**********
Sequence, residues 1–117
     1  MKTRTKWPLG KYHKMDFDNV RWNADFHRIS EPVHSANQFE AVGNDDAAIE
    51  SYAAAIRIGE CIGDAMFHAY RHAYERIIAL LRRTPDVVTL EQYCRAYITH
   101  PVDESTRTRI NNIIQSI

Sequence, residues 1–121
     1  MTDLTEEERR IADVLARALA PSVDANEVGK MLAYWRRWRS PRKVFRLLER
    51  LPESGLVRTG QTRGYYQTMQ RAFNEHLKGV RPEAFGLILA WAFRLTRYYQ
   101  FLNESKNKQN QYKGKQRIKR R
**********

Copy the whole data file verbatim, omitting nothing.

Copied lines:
Sequence, residues 1–117
     1  MKTRTKWPLG KYHKMDFDNV RWNADFHRIS EPVHSANQFE AVGNDDAAIE
    51  SYAAAIRIGE CIGDAMFHAY RHAYERIIAL LRRTPDVVTL EQYCRAYITH
   101  PVDESTRTRI NNIIQSI

Sequence, residues 1–121
     1  MTDLTEEERR IADVLARALA PSVDANEVGK MLAYWRRWRS PRKVFRLLER
    51  LPESGLVRTG QTRGYYQTMQ RAFNEHLKGV RPEAFGLILA WAFRLTRYYQ
   101  FLNESKNKQN QYKGKQRIKR R